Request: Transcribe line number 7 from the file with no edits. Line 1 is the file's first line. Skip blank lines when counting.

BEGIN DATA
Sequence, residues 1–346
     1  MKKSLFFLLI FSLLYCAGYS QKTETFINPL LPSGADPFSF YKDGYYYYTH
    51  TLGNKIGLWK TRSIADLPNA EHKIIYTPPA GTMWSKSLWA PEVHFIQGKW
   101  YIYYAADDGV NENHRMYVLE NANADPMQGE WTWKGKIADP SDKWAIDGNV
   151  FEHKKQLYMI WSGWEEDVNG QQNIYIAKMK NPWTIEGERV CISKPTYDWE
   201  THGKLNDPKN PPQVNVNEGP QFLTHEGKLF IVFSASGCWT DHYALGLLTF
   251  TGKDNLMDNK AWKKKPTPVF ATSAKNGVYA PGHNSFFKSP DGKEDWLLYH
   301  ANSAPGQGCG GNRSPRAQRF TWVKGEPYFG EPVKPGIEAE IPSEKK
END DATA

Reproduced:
   251  TGKDNLMDNK AWKKKPTPVF ATSAKNGVYA PGHNSFFKSP DGKEDWLLYH